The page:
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Aeolus's Trident- MAJOR UPDATE! 11/26/2010

Built a pneumatic cannon? Then post it here! This section is for completed, finished cannons that you have built. Please include pictures and information.
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Aeolus's Trident- MAJOR UPDATE! 11/26/2010

Unread postAuthor: saefroch » Mon Aug 30, 2010 11:37 am

I have been slowly becoming more and more dissatisfied with my previous pneumatic model. The most significant issue that I had with the previous build was its sheer size (which lead to a host of other problems). Thus the Trident (technically renamed Aeolus's Trident to differentiate from the Trident Antenna Launcher).

Specs:
Valve: Barrel-sealing piston valve (now with internal check valve)
Piston check valve cracking pressure: 5.4psi
Barrel: 0.364” x 18” (now 0.364" x 36")
Chamber volume: 5.38 in3
C:B ratio: 3 (now 1.5)
Port diameter: ~0.364"
Max operating pressure: ~2,000psi
GGDT muzzle velocity prediction @ 1,000psi: 912fps

The main purpose of the Trident is a test facility (and entertainment :D). I originally planned to experiment with different piston designs, but later concluded by simulations in GGDT that no design will have any appreciable benefit over the UHMWPE-based check valved piston it currently uses. The Trident is extremely portable, and has a very small chamber volume, actually 1.4 times the displacement of the second stage on my pump. Future plans for the Trident include evolution into a QDV hybrid. Due to lack of funds and design flaws in current QDV hybrids, development has been delayed somewhat.

The original piston design for the Trident was simply a solid steel piston with an o-ring firmly attached to the front as a sealing face. Unfortunately, the steel rod I used was significantly less than .5" in diameter, so I wrapped it in scotch tape to minimize the size of the equalizer hole. After two shots, the scotch tape had to be replaced. Not the best system. Check-valved piston made from UHMWPE with a very durable o-ring as the sealing face, and the back drilled out as the housing with a button-head bolt to form the housing for the check valve.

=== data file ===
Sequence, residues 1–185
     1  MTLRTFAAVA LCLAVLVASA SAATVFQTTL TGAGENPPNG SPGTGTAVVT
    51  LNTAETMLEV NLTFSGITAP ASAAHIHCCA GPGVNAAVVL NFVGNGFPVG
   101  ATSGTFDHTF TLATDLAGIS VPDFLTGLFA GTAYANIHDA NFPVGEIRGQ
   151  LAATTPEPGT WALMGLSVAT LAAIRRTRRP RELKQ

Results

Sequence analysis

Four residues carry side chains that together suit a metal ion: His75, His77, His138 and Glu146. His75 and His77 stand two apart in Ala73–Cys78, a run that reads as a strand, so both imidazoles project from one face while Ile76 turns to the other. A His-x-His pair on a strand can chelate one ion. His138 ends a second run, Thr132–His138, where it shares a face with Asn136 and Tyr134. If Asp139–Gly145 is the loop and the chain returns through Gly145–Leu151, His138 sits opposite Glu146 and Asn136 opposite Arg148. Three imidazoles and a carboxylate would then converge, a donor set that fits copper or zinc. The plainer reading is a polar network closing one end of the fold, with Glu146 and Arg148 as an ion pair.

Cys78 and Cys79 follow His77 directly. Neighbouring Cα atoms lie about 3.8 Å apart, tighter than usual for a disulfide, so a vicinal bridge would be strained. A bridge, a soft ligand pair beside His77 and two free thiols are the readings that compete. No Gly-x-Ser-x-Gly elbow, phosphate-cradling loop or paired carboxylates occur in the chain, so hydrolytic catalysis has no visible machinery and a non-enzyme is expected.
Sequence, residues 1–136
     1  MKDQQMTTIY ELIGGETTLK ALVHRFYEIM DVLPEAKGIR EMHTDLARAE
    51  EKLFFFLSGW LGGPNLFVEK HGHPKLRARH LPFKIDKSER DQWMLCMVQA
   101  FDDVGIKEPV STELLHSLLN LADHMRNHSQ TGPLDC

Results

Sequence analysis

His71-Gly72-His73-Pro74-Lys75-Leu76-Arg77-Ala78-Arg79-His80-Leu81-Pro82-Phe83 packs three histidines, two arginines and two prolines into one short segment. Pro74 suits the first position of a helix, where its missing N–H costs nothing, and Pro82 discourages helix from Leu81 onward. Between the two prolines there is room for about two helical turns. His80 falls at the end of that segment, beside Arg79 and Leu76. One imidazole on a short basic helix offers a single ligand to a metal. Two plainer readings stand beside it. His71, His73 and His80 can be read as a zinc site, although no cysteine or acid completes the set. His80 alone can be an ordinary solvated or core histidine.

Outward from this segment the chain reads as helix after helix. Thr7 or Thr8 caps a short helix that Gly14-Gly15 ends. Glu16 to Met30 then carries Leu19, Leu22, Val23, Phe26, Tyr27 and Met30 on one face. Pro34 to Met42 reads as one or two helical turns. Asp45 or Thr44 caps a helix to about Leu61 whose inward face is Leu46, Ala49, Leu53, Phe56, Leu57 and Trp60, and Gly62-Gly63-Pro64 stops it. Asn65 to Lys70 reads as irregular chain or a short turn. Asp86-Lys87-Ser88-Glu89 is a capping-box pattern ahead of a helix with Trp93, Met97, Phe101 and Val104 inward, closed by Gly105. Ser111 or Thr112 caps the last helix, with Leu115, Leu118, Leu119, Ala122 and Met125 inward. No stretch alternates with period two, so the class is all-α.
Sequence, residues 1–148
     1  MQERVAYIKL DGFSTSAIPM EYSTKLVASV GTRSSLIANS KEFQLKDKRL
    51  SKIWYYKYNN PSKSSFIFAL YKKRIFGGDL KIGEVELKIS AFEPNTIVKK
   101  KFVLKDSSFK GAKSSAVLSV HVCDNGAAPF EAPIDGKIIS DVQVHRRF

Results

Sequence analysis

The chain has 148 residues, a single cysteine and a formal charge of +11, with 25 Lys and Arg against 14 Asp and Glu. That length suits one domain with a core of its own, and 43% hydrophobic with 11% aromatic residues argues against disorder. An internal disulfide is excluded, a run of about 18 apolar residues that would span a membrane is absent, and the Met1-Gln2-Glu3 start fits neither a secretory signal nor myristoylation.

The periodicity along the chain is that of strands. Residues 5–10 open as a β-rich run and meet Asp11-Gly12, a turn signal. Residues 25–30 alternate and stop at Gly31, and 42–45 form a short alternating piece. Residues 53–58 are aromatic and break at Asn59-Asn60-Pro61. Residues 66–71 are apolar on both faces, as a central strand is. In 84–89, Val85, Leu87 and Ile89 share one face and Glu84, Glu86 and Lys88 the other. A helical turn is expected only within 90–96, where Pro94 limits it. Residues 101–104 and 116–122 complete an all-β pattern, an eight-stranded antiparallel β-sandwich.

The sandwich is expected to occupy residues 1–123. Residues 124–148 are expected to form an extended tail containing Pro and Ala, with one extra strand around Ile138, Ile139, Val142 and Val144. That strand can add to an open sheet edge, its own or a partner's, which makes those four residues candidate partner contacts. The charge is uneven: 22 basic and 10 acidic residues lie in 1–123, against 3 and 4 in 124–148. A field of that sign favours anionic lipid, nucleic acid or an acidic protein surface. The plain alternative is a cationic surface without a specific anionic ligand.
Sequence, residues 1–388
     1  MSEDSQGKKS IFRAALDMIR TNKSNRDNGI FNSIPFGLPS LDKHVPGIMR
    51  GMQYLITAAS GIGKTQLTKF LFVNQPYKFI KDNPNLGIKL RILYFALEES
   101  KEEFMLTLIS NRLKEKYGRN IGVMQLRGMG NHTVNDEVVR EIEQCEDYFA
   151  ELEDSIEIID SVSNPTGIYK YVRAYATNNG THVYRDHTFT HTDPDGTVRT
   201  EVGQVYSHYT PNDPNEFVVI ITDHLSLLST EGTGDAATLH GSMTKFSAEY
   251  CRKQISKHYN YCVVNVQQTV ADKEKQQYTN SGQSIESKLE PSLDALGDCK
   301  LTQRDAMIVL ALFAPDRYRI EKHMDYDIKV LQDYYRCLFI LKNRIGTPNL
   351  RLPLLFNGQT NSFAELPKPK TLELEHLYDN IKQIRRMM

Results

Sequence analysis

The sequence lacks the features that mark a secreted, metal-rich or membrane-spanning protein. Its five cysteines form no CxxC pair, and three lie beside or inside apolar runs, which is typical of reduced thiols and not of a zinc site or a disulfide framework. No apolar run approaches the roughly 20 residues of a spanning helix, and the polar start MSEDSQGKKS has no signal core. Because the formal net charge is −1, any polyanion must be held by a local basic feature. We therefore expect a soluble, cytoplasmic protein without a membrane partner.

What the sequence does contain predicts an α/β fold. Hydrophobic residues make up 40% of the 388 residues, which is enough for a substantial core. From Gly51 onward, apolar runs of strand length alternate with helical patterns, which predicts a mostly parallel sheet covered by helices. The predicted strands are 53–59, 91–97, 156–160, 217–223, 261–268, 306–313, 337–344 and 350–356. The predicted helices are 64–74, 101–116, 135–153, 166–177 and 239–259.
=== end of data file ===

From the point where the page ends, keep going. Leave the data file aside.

08/25/2010: Design is functional, now working on moving my piston stop forward, decreasing pilot volume and preventing the front of the piston from catching and shearing off on opening.
8/29/2010: Tested to 160 psi. Piston now seals at 40 psi, added a bumper to prevent damage to the piston, and reduced pilot volume.
8/30/2010: Completely leak-free up to 160 psi.
9/1/2010: First damage shots. Need something that's stable. Will be looking into ball bearings, slugs, and darts.
9/6/2010: Work on pump delayed :evil: Did some experimenting with GGDT... and it predicts no muzzle velocity increase with a UHMWPE piston having 1/8th the mass of the solid steel one I'm currently using. :roll: Gonna try anyway when I get my hands on materials.
10/17/2010: Parts ordered and shipping. Pump should be operational within the week. Expect much higher pressures and lower piston densities.
11/06/2010: Currently working on incorporating a check valve into the piston. Hopefully that'll be finished within a week and I'll have an almost maintenance-free design.
11/20/2010: Check-valved piston almost finished. The rear seal seal fits a bit tight into the valve housing so it's kinda like stuck right now. Plus I discovered today that my gauge somehow broke itself while not in use. :evil:
11/27/2010: Tensile strength of UHMWPE is terrible. By the time I'm done the piston will probably be mostly steel again. :roll:
11/28/2010: Piston very much improved. No problems up to 650psi, no replacement gauge yet so I dare not push farther.